How to Stay Long Term

It is relatively difficult to stay long-term in Russia without having a work visa or a residence permit. The easiest way to stay long term in Russia is to find a job there. If you have a job, you can stay as long as you have a job. You have the flexibility to switch jobs while in Russia as well. Depending on your salary, you may also be eligible to apply for a residence permit that is valid as long as you are employed. This would allow you to work a second job legally and grant access to certain federal benefits. You would be able to apply for Russian citizenship after 3 years as well. 

Another option to stay in Russia is a bit more complicated and costs a bit more money than a typical visa. If you are determined to stay in Russia and have income from outside Russia, you can open a limited liability company where you would become the general director and grant yourself a work visa. We have relationships with several law firms in Russia that can provide you with all of the legal and accounting services needed to help you set up your business and obtain a work visa. There are ongoing costs associated with this method and it is only really feasible if you have an income. If you have any questions, feel free to send an email to contact@expatriant.com and we will help you determine if this is the right option for you to pursue. 

Getting married to a Russian citizen is also an easy way to obtain a residence permit, although it does take quite some time and realistically requires the help of a lawyer, especially if you plan to live in Moscow. There are extremely long lines due to demand for residence permits, and even though you will be able to apply for a residence permit outside of the quota system, it is practically impossible to get an appointment to provide all of the documents required. Many services can assist you in applying for a residence permit if you are married to a Russian. Please reach out to us at contact@expatriant.com and we would be happy to point you in the right direction. 

Cost of Living

The cost of living in Russia is quite low compared to Western Europe or North America. That being said, many things are still expensive in Moscow, especially if you are looking for quality.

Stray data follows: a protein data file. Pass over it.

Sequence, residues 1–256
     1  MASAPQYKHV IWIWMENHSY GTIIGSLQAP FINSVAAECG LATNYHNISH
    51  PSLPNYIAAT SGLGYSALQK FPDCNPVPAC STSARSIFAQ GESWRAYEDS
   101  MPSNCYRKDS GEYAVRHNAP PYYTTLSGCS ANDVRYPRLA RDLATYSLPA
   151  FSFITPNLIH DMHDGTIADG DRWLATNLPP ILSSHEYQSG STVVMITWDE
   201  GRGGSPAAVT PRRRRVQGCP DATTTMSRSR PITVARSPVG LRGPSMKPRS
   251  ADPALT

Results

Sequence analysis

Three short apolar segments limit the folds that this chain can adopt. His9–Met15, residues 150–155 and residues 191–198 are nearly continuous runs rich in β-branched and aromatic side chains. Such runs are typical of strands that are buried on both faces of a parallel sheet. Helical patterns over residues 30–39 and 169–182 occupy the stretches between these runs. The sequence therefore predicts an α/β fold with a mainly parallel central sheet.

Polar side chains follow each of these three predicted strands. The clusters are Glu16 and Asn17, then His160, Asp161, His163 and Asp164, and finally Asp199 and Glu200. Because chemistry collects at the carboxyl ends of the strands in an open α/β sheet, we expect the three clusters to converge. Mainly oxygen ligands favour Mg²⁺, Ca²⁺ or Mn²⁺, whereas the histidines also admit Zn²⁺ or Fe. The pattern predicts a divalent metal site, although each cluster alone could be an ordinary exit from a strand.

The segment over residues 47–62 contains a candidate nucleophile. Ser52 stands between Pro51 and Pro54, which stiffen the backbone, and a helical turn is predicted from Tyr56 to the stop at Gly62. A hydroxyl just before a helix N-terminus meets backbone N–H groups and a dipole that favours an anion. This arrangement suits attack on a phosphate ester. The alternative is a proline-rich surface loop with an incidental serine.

As far as costs go, Numbeo provides excellent data on the local prices in Moscow. Aside from prices on services and housing, which are much lower outside of Moscow, the prices of goods are quite similar across the country. Electronics and consumer goods are cheapest in Moscow ironically. In Moscow, $2500 is probably enough for a couple to live comfortably. Outside of Moscow, $1500-2000 is likely sufficient.

Taxes

Living as an expat in Russia is quite favorable from a tax perspective. The federal income tax is a 13% flat tax, meaning regardless of how much you make, you only pay 13%. Value-added tax or VAT is considerably high at 20%, but the costs of many goods are significantly lower than in Western countries.  Property tax in Russia is a bit more complicated, but likely 99% of expats will not be interested in purchasing real estate. Therefore, if you come to Russia, you are likely to be taking home much more of your income than in almost any other country in the world. The government has been looking to increase the flat income tax rate for a few years now, so pay attention.

Housing

There are many ways to find an apartment in Russia, and we will focus on Moscow, but these options work in many cities around Russia. When you start looking for apartments in Moscow, they will seem either very cheap or very expensive, it all depends on where you are looking. The adage, “if it looks too good to be true, it probably is,” definitely rings true in Russia with regards to apartment rental listings. Many people will recommend you use Avito to search for apartments, but you will quickly realize that prices seem very low for great-looking apartments. This is because many agents post fake advertisements so that you call and they tell you it just sold and they will show you another apartment. Do not fall for this, if you are a foreigner, you will get taken advantage of when looking for an apartment. If you do not speak Russian confidently, it is best to have a Russian friend with you when searching for an apartment. 

The definitive site for apartment searching in Russia right now is Cian.ru.

The Locals is also a great option, but there are not as many options.

One thing to note about apartments in Russia, and the former Soviet Union, is the run-down look of the entryway/common areas or podyezd of a building. Typically, the buildings are managed by the city and that essentially means no one is looking after the common space. Even fantastic apartments can have common areas that are run down. You will just have to get used to this unfortunate fact of living in Russia.